Prasad then focused on how to codify policies that give different users different access:

BlueTalon Security Predix IoT Codify Policies


Addressing the problem

“Don’t change tools just because you put up a security layer,” Prasad exhorted. He described how BlueTalon—a platform for defining fine-grained data access policies applied to all users, all applications, and multiple data stores—was developed to address these issues.

BlueTalon Security Predix IoT High Level Architecture View

Prasad emphasized the importance of centralizing decisions to manage policies from one place, as well as making the enforcement protocol transparent “to preserve the UX,” reiterating the commitment to the user experience he mentioned earlier in his talk.



An example using Cassandra

The Cassandra NoSQL database is one of the options available for use with the Predix platform, and Prasad provided some examples of the issues that arise with its use. For example, one security feature is limited to a simple Grant/Revoke command at the table level, giving it an “all or nothing” approach to access. Each user must be recreated on every local Cassandra node for authentication.

BlueTalon Security Predix IoT Granular Access Control Cassandra

In contrast, implementing BlueTalon provides “granular, user-based access controls to columns and sub-fields,” Prasad said. Dynamic attribute resolution and proxy authentication is enabled, and it’s possible to conduct auditing of user data requests to monitor compliance or check on anomalous behaviors. He also noted a very minimal performance impact through BlueTalon’s use, saying that users will be unaware of its existence.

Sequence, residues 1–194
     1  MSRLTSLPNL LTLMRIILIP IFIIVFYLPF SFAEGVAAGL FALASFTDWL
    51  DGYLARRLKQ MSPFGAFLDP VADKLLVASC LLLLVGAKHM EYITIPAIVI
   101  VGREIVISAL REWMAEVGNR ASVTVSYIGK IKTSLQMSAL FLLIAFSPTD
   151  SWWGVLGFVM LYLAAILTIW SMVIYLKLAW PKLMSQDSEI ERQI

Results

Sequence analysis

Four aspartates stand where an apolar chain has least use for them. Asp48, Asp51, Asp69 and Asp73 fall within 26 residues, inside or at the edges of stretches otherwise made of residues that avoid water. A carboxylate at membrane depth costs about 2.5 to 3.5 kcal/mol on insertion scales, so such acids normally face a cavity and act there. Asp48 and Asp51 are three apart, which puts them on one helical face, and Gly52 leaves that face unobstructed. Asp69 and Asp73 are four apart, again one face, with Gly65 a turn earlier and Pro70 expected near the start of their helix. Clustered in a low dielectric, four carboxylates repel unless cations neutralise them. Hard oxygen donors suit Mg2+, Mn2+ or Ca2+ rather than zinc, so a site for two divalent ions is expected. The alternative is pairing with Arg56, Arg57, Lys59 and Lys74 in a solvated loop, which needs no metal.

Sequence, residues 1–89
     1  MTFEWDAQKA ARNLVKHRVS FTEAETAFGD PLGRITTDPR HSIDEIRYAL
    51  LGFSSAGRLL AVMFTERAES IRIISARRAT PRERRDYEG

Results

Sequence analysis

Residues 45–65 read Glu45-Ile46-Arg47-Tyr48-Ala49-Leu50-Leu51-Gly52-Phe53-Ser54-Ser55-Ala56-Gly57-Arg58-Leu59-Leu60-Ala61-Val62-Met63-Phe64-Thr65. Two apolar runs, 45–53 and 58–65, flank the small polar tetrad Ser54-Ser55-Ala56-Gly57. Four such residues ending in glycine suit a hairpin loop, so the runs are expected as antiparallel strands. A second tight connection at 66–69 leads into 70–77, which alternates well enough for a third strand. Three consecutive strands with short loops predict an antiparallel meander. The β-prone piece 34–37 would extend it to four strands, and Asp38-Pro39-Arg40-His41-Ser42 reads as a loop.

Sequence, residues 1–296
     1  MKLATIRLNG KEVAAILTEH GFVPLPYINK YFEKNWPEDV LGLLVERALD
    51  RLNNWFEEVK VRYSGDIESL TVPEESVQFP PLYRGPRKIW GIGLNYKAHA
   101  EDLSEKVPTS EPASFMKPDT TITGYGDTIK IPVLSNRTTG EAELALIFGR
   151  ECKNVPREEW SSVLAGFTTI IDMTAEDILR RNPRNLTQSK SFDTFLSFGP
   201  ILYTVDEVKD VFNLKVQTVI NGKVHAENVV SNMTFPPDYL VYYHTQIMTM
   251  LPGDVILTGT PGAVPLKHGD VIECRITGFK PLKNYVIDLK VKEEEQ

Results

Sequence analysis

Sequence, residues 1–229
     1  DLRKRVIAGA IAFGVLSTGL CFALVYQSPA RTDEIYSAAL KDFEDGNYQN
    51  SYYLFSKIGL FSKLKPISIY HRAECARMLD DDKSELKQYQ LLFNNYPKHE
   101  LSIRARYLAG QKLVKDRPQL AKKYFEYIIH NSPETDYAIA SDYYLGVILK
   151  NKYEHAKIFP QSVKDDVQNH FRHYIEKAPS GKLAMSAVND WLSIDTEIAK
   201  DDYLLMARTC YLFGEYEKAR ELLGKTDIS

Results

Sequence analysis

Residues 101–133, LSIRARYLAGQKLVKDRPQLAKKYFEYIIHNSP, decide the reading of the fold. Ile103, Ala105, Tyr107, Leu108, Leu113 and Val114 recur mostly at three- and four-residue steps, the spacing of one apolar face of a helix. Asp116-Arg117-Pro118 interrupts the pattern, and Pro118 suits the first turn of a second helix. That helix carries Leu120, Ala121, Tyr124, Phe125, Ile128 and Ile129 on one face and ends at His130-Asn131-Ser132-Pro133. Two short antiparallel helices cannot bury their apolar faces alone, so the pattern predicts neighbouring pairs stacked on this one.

In conclusion, he said the company’s approach “unifies security in the data platforms embedded in Predix,” something that he believes IoT deployers will welcome in coming years as the Internet of Things plays a larger role in their enterprise and drives all those bytes of new data.

For more details on unifying IoT security policies, check out a webinar by Pratik Verma, BlueTalon’s CEO, or watch the following recording from the meetup.


Want details? Watch the video!

Table of contents

  1. What are some of the security breaches in IoT? (2’40”)
  2. What are the data security requirements in Predix? (3’20”)
  3. How to differentiate policies for different users? (5’05”)
  4. How does BlueTalon unifiy IoT security policy management? (7’55”)
  5. How does access control work? (9’30”)
  6. How is data visibility managed? (17’45”)
  7. An example with Cassandra: policies for granular access control (18’40”)



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About the speaker

Prasad Mujumdar, BlueTalon bio
Prasad Mujumdar is a Software Engineer at BlueTalon. He graduated as an MS in Computer Science from Indian Institute of Technology, and holds a BS from the University of Mumbai. Prasad is associated with various projects of the Apache Hadoop ecosystem. He has been a committer and PMC member of Apache Flume and Apache Sentry (Incubating) and also a committer on Apache Hive. Prior to BlueTalon, Prasad served as a senior software engineer at Cloudera and at IBM where he worked on database products development.

This post is written by Roger Strukhoff, Sophie Turol, and Alex Khizhniak.